Jean Laaninen wrote (March 22, 2008):
[To Bradley Lehman] Variety in music is the spice of musical life. Beautiful is always in good taste.

Jean Laaninen wrote (March 22, 2008):
[To Kim Patrick Clow] Thank you for your input, Kim.

Bradley Lehman wrote (March 22, 2008):
< On the Bach Cantata Pilgrimage DVD, John Eliot Gardiner made a not-so-subtle swipe at Nikolaus Harnoncourt's use of boy's voices in Bach, calling it the worst sort of chicanery. Gardiner said that with a completely straight face, just after lauding his own efforts at authenticity and mocking a concert where a large chorus and orchestra had been used. I thought his catty comments were rather unfortunate and a bit childish given the historic nature of what Harnoncourt had done (which was the first and only complete recording of the Bach cantatas for almost 20 years). >
Today I'm listening to the BWV 106 and BWV 182 that Leonhardt and his Leonhardt-Consort did the first time around, before the numerical-order cycle got going. This one features Bruggen playing recorder in both cantatas, and it has the Monteverdi-Chor of Hamburg...not Gardiner's later Monteverdi Choir! Jürgen Jürgens is credited as the conductor of the enterprise. The recording isn't dated, but they're using A=415 and the organ is dated 1961. The recorders were built in 1961 and 1962. No boys here in this recording; the chorus is a mixed group of adults. My guess from the Telefunken packaging style (this is an LP) is that it was approximately 1963-5.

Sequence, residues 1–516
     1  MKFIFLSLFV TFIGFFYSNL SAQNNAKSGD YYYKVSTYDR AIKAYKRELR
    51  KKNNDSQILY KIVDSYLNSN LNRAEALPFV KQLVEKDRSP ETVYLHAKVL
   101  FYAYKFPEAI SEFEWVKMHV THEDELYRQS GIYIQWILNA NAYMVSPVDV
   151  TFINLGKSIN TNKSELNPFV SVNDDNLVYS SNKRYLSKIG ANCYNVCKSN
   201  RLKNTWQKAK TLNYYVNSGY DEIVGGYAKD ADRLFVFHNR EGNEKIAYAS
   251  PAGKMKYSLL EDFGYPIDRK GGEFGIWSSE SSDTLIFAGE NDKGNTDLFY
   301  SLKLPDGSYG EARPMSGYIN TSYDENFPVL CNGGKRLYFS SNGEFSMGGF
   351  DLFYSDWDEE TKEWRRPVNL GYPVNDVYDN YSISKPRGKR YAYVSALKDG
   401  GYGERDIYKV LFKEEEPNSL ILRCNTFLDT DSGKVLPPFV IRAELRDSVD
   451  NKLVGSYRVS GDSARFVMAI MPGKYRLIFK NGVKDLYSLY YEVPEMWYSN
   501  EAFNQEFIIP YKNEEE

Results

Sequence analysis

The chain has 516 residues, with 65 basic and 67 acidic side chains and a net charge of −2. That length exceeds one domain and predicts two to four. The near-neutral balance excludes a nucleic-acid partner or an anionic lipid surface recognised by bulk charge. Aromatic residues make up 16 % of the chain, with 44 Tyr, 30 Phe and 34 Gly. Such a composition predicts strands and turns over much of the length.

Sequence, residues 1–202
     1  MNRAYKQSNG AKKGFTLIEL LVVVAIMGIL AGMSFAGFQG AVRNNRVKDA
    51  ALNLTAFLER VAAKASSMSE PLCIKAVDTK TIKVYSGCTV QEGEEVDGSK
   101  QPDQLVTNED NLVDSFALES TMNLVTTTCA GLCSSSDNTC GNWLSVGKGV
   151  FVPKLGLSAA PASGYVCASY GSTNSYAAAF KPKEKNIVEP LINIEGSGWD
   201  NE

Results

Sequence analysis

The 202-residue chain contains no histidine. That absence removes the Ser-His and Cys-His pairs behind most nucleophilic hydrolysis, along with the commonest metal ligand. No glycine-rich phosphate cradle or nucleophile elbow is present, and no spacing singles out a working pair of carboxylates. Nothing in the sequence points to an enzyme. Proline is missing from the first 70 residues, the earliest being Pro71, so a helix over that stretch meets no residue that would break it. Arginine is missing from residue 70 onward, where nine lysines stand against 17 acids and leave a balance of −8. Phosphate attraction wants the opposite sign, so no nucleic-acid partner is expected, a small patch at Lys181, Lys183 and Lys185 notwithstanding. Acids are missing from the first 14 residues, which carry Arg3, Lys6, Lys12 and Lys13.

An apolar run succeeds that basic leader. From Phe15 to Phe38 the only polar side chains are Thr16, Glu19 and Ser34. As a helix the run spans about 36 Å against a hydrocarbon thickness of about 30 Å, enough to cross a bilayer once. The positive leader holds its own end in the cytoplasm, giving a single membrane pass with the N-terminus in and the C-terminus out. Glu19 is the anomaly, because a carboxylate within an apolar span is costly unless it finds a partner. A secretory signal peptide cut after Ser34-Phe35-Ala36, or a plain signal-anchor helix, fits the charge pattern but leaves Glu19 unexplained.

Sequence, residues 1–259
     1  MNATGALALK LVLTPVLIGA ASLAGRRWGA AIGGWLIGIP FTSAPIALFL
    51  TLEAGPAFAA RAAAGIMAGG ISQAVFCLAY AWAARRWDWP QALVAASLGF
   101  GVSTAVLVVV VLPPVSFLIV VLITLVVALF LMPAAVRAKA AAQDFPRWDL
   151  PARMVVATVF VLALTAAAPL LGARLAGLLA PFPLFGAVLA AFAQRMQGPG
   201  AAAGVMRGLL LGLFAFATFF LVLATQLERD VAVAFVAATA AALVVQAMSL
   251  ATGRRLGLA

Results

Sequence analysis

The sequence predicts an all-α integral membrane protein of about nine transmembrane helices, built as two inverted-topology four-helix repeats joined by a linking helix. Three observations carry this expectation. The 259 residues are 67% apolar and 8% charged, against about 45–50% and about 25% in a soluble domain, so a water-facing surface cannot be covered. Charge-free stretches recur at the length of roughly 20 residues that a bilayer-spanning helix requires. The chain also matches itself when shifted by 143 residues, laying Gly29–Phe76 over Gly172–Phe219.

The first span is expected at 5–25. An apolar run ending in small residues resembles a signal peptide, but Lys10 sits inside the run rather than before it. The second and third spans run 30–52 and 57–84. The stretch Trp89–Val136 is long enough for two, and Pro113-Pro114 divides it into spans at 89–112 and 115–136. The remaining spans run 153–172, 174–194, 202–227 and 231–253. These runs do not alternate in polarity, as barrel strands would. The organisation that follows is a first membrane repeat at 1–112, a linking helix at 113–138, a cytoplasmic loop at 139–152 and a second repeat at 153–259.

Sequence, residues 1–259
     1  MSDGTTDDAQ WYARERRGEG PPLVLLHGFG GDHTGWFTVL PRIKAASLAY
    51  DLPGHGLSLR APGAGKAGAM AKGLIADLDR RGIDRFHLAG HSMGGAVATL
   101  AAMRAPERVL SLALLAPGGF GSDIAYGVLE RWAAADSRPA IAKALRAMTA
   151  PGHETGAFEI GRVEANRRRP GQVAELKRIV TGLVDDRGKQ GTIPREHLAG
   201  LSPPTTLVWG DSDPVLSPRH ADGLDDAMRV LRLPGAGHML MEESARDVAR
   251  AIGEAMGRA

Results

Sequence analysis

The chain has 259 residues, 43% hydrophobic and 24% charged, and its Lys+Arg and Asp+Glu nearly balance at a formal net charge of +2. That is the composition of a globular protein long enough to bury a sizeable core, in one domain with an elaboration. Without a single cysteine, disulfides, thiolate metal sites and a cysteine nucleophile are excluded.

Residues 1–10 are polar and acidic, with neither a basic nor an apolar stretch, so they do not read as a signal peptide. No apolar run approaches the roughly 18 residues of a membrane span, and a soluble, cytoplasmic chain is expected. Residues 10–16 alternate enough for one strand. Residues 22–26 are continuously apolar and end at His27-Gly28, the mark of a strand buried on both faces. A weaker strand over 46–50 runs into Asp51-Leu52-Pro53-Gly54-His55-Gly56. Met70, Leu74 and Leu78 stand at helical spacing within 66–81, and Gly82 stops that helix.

Jean Laaninen wrote (March 22, 2008):
[To Bradley Lehman] The number of different recordings never ceases to amaze me.

Bradley Lehman wrote (March 22, 2008):
> The number of different recordings never ceases to amaze me. <
I'm also listening to the BWV 106 by Collegium Aureum, 1973. The young Wieland Kuijken plays in it!

Jean Laaninen wrote (March 22, 2008):
[To Bradley Lehman] Your collection must be huge.

Uri Golomb wrote (March 22, 2008):
Kim Patrick Clow wrote:
< On the Bach Cantata Pilgrimage DVD, John Eliot Gardiner made a not-so-subtle swipe at Nikolaus Harnoncourt's use of boy's voices in Bach, calling it the worst sort of chicanery. Gardiner said that with a completely straight face, just after lauding his own efforts at authenticity and mocking a concert where a large chorus and orchestra had been used. I thought his catty comments were rather unfortunate and a bit childish given the historic nature of what Harnoncourt had done (which was the first and only complete recording of the Bach cantatas for almost 20 years). >